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Risk Assessment. Goal: being able to prioritize risks according to their impact and likeness on the project Making explicit the information necessary.

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Presentation on theme: "Risk Assessment. Goal: being able to prioritize risks according to their impact and likeness on the project Making explicit the information necessary."— Presentation transcript:

1 Risk Assessment

2 Goal: being able to prioritize risks according to their impact and likeness on the project Making explicit the information necessary to define the risk management strategies (risk management planning)

3 Techniques Two techniques: –Qualitative risk analysis Simpler Can be used when no precise information about probabilities of risk is available –Quantitative risk analysis More systematic Suitable for mathematical analysis Provide figures on the (economial) impact of risks

4 Qualitative Risk Analysis A three-step process Define probability, impact, and score Organize risk Highlight significant risks

5 Qualitative Risk Assessment Define classes of probabilities and classes of impact Example –Probability: Very low, low, moderate, high, very high –Impact: negligible, low, moderate, severe, catastrophic –Risk Score: low, medium, high

6 Qualitative Risk Assessment … or numeric: Risk Score = P x I Very Low0.11 Low0.32 Moderata0.53 High0.74 Very High0.95 Negligible0.11 Low0.32 Moderate0.53 Severe0.74 Catastrophic0.95

7 Risk analysis (i)

8 Risk analysis (ii)

9 Risk Matrix NegligibleLowModerateSevereCatastrophic Very HighR1R5 HighR2R6, R7, R8 ModerateR3 LowR4 Very LowR9, R10

10 Risk Matrix NegligibleLowModerateSevereCatastrophic Very HighR1R5 HighR2R6, R7, R8 ModerateR3 LowR4 Very LowR9, R10

11 Risk Matrix NegligibleLowModerateSevereCatastrophic Very HighR1R5 HighR2R6, R7, R8 ModerateR3 LowR4 Very LowR9, R10

12 Socially constructed risk Two problems with qualitative risk People will believe some things are risk, even when the statistics indicate they aren't (and vice versa ). We are "risk illiterate ” Who says what the probabilities are? How do we calculate the risk exposures objectively?

13 Socially Constructed Risk When seeking to put people's minds at rest, qualitative risk assessment may not be enough When assessing risk "objectively", we are in fact using subjective judgements … People are emotional! (and fortunately so)

14 Some examples of real risks Did you know: you should be more frightened of taking a bath than of walking down a dark alleyway you should be more wary of yourself than of flying in a plane Chances are your death will be by: being shot by a stranger...1 in 22,500 drowning in the bath...1 in 17,500 plane crash...1 in 800,000 car accident...1 in 300 suicide...1 in 160 accidental fall...1 in 150 cancer...1 in 4

15 Quantitative Risk Analysis Similar as qualitative: Define probability and impact (in a sense: which depends on the techniques; how depends on the domain) Use techniques to numerically assess risks and to visualize data Highlight significant risks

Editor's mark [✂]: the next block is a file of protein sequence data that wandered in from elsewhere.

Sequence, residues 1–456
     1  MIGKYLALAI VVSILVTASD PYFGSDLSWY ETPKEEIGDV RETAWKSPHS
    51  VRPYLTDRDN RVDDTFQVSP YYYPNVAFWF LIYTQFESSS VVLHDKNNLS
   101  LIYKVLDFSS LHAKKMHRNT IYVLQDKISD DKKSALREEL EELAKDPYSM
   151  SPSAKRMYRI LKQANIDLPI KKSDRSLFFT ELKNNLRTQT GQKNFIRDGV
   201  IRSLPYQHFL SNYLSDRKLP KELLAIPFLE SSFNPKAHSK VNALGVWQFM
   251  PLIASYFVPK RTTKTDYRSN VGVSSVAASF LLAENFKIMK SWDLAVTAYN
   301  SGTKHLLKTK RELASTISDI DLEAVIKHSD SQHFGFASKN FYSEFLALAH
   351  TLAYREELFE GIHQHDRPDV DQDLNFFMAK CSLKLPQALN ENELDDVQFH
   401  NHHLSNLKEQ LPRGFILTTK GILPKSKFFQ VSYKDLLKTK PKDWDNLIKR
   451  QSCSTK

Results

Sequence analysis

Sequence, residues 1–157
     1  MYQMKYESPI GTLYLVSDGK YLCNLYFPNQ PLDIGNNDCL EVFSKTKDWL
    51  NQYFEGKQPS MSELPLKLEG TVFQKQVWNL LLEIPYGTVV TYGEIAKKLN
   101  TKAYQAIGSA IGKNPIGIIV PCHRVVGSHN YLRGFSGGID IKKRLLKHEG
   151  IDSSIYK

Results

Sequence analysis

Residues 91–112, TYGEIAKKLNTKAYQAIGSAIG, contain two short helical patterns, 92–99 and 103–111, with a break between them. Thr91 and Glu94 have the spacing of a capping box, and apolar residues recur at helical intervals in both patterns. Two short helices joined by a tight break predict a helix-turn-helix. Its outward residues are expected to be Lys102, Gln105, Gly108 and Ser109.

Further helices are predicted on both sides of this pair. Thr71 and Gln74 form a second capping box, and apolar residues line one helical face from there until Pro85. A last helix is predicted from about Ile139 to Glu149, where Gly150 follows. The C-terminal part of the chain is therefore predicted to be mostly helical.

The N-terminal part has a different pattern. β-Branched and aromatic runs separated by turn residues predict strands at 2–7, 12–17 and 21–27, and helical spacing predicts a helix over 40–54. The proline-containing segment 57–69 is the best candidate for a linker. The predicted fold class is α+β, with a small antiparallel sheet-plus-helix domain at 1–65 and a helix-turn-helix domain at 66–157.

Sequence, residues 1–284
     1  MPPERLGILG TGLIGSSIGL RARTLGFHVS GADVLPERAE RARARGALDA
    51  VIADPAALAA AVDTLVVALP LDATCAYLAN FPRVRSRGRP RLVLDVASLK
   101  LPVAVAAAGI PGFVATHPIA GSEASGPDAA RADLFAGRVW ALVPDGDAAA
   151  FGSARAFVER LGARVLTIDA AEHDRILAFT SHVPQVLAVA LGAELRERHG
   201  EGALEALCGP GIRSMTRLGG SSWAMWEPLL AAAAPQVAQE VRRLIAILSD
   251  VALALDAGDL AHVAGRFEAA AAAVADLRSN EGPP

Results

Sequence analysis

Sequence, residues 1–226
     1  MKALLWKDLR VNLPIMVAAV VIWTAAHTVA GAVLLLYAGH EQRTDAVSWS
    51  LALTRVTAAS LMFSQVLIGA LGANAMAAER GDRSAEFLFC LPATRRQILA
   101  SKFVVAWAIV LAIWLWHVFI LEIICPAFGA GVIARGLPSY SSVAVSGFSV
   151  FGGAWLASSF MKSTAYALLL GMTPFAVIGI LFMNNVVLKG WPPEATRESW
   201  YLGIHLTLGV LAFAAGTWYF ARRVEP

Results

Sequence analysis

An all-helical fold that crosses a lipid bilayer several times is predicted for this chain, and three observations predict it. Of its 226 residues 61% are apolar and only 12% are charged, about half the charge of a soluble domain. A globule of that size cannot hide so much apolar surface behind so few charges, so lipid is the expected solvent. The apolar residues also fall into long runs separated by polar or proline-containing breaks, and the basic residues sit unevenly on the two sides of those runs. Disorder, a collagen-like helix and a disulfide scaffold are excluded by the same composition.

16 Quantitative Risk Assessment Approach: Expected monetary value analysis. It computes the expected monetary outcome (according to different statistical criteria) of a decision/risk –Technique: Decision tree analysis. Technique that helps solving the EMV analysis. Approach: Modeling. Provide a model of the project. –Technique: Sensitivity analysis. Helps determining which risks have the most impact by examining one variable at a time. (Tornado diagrams) –Technique: simulation, monte-carlo technique.

17 Decision Theory S1S2S3S4S5 D1C11C12C13C14c15 D2C21… D3C31 D4 D5c55

18 Decision Theory Si: states of the system Dj: decisions (risks) Cij: cost associated to Dj in Si

19 Decision Theory Choose cost of decision according to different strategies: Minimax, take the decision which has the maximum minimum gain associated do D Average, take the decision which has the maximum average gain associated Max, take the decision which has the maximum gain associated … who’s optimistic, who’s pessimistic?

20 EMV Decision D has probability pj of generating gain gj (j = 1..N, SUM(pj) = 1) Expected Monetary Value associated to D is –EMV(D) = SUMj(pj * gj) Take decision with maximum EMV

21 Decision Trees A way of computing EMV It graphically represents all the possible outcomes in a tree Costs are associated to leaves (and propagate to nodes) Probability are associated to labels

22 Event Trees “Software Risk Management: Principles and Practices” [Boehm IEEE Software 1991]

23 Modeling Define a model for the decision/project (some formula describing how inputs are transformed into outputs) “Play” with the formula to understand the main factors (sensitivity analysis) or to get a global value

24 Developing a tornado diagram (100)(50) NPV (Primary Criterion) 15%6% 100,000 Engineering Budget Investment Material Cost Labor Cost Market Size Market Share 10% 120, , Uncertainties are sorted in descending order of impact on NPV Third Base Value $100 First Length of bar indicated impact on NPV one variable at a time Second